Subtle, calculated and highly-rewarding, Island of Noise is a perfectly balanced mixture of jazz, post-rock and hypnotic rhythms presented in a wonderfully unique way. Modern Nature, Jack Cooper’s most recent musical venture post-Ultimate Painting, brims with the creativity that only comes from an awry of talent as on this record. It’s an album oozing with influences, and Jack has kindly provided some of his most important records for us at fopp. So, here is what Modern Nature appreciates, now, let us appreciate Modern Nature.
In A Silent Way – Miles Davis
My favourite record of all time I think… certainly the best sounding record. Blessed with perfect economy and space. Composed but free in the most beautiful way. Recorded over 50 years ago and it still sounds like it has beamed in from the distant future. Notable also as the gateway to some of the greatest music of the 20th century; the Lost Quintet, Bitches Brew and beyond.
Anthony Braxton – Anything
Over the last few years, I’ve read and listened to everything I can by Anthony Braxton. I’ve hassled our piano player Alexander Hawkins about Braxton, as he’s worked with him a lot. I hope to one day meet him. His music can at first seem impenetrable but if you persist, you will be rewarded. Graham Lock’s biography/tour diary ‘Forces In Motion’ is also a great in.
Live At Birdland – John Coltrane
Only the first three tracks were recorded live at the Birdland club; the rest are studio recordings. If music transcends any other communication, then ‘Alabama’ is everything. Pure, succinct, transcendent and magical. The John Coltrane Quartet at it’s peak.
Ege Bamyasi – Can
I never tire of this record and the atmosphere is second only to ‘In A Silent Way’. Every repeated listen unlocks another door. Every few minutes there’s a moment that could bear an entire new musical movement.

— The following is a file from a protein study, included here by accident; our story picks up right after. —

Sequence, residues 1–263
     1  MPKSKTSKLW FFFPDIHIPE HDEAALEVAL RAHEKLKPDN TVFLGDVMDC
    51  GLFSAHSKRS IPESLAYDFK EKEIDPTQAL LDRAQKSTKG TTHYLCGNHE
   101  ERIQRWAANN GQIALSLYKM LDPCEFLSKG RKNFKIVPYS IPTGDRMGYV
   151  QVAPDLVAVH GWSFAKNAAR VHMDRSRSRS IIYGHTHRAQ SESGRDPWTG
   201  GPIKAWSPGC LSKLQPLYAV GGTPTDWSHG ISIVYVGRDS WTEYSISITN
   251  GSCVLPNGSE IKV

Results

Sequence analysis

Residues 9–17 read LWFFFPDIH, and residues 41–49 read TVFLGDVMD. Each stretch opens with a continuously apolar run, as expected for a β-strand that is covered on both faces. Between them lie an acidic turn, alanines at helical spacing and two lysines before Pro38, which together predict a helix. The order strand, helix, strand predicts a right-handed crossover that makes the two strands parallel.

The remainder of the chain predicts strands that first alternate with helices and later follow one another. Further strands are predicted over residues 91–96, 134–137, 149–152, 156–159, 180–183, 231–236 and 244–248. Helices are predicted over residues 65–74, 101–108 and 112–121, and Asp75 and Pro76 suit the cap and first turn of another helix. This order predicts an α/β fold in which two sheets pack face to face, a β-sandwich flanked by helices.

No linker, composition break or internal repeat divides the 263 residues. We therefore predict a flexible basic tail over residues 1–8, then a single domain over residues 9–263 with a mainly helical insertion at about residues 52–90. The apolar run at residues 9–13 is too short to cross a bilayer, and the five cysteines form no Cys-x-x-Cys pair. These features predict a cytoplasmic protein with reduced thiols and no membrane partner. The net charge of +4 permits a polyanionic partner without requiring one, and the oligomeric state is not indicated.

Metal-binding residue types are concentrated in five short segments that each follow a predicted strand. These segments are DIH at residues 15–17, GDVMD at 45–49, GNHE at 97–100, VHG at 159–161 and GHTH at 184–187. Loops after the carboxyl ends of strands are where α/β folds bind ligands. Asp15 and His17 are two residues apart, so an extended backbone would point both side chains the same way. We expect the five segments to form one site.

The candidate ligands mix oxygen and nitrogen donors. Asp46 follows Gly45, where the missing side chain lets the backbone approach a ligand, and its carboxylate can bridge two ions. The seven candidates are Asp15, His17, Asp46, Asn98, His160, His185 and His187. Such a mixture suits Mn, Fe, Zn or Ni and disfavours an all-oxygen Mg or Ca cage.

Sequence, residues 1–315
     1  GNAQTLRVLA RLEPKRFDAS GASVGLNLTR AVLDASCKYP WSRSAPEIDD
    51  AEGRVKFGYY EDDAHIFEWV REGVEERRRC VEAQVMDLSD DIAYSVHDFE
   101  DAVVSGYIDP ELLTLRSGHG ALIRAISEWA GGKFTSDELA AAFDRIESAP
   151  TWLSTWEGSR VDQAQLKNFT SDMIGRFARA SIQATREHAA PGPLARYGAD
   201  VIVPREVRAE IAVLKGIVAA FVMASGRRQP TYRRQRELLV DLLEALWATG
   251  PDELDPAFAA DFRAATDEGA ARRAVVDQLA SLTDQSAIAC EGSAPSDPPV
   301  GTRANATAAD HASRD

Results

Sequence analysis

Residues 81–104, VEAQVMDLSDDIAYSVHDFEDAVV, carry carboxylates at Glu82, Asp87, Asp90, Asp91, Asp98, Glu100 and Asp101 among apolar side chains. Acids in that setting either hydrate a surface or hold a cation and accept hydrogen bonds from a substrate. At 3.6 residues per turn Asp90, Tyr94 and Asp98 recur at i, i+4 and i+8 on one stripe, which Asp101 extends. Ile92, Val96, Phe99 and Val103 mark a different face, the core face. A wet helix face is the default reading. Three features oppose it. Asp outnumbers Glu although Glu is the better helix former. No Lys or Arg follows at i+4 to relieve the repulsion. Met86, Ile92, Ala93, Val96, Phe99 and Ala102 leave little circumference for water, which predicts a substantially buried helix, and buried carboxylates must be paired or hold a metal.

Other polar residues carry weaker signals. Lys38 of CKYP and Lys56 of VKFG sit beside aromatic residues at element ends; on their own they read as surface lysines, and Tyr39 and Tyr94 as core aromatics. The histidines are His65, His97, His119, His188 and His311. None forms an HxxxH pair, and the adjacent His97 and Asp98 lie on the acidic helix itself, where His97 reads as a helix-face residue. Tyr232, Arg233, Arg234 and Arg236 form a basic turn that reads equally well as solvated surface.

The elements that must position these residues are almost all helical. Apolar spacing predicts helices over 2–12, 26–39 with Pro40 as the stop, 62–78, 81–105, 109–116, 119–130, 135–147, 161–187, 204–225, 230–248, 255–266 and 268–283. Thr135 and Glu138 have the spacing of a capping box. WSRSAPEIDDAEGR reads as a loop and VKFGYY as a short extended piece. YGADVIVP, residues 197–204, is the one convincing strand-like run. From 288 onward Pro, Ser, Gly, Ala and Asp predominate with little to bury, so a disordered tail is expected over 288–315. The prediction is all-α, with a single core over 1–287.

Sleeping Beauty – Sun Ra
You can probably hear a theme emerging if you buy some of these records. Sleeping Beauty is mainly space, but the music itself has the momentum of a flock of birds of a pod of dolphins… breaking the surface and occasionally breaching. Getting into the music of Sun Ra is a labyrinth.
Bill Orcutt – Bill Orcutt
I am a really big fan of Bill’s band Harry Pussy and discovering them 15 years ago led me on to a world of amazing music. I lost track of what Bill was up to but rediscovered him recently and this run of fantastic solo albums. His duo with Chris Corsano is also well worth exploring, but it’s on his own where Bill’s music is so fascinating.
Alice Coltrane – Journey in Satchidananda
I don’t know what I can add to the acclaim Alice Coltrane’s music has received. Often in the shadow of her husband’s miraculous innovations, Alice’s own music seems to have finally received the attention and love it deserves.
The Necks – Body or Three
I’m fairly new to the music of The Necks but attended a show in London a few years back that’s up there with one of my favourites ever. Each show and album is entirely improvised but they have such a well established palette of sounds, a performance could never be mistaken for anyone else.
Mark Hollis – Mark Hollis
As a final statement, Mark Hollis’ solo album is perfect. Talk Talk’s final three albums are equally brilliant but everything was leading to this. I can’t shed any light on what makes it so wonderful, but I suppose that’s the point.
Morton Feldman – Rothko Chapel
Just incredible… Feldman wrote Rothko Chapel for the meditation room of the Menil Foundation in Houston/Texas in 1971. The room contains 14 large paintings by the American artist Mark Rothko in red, black and purple tones – Feldman said “Art in relation to life is nothing more than a glove turned inside out. It seems to have the same shapes and contours, but it can never be used for the same purpose. Art teaches nothing about life, just as life teaches us nothing about art.”
island of noise is available in-store on cd & lp!